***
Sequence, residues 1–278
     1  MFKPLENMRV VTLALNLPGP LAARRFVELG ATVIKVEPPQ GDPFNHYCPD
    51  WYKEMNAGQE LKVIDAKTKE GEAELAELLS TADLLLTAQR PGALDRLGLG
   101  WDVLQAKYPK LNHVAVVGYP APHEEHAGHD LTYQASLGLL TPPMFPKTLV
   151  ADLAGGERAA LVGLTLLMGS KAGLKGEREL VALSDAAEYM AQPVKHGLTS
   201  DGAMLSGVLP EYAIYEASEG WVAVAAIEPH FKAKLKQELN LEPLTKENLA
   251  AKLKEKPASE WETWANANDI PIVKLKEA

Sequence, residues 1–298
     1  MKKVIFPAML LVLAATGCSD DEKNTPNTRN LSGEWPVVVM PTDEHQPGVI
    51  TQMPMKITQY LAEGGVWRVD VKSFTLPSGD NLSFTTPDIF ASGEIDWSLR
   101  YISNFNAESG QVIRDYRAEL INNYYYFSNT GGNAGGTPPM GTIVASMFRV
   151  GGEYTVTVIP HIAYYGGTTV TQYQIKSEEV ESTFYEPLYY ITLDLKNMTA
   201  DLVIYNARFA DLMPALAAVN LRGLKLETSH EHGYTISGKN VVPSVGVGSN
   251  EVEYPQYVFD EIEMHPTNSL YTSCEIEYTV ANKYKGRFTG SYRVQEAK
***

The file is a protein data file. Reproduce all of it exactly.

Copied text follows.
Sequence, residues 1–278
     1  MFKPLENMRV VTLALNLPGP LAARRFVELG ATVIKVEPPQ GDPFNHYCPD
    51  WYKEMNAGQE LKVIDAKTKE GEAELAELLS TADLLLTAQR PGALDRLGLG
   101  WDVLQAKYPK LNHVAVVGYP APHEEHAGHD LTYQASLGLL TPPMFPKTLV
   151  ADLAGGERAA LVGLTLLMGS KAGLKGEREL VALSDAAEYM AQPVKHGLTS
   201  DGAMLSGVLP EYAIYEASEG WVAVAAIEPH FKAKLKQELN LEPLTKENLA
   251  AKLKEKPASE WETWANANDI PIVKLKEA

Sequence, residues 1–298
     1  MKKVIFPAML LVLAATGCSD DEKNTPNTRN LSGEWPVVVM PTDEHQPGVI
    51  TQMPMKITQY LAEGGVWRVD VKSFTLPSGD NLSFTTPDIF ASGEIDWSLR
   101  YISNFNAESG QVIRDYRAEL INNYYYFSNT GGNAGGTPPM GTIVASMFRV
   151  GGEYTVTVIP HIAYYGGTTV TQYQIKSEEV ESTFYEPLYY ITLDLKNMTA
   201  DLVIYNARFA DLMPALAAVN LRGLKLETSH EHGYTISGKN VVPSVGVGSN
   251  EVEYPQYVFD EIEMHPTNSL YTSCEIEYTV ANKYKGRFTG SYRVQEAK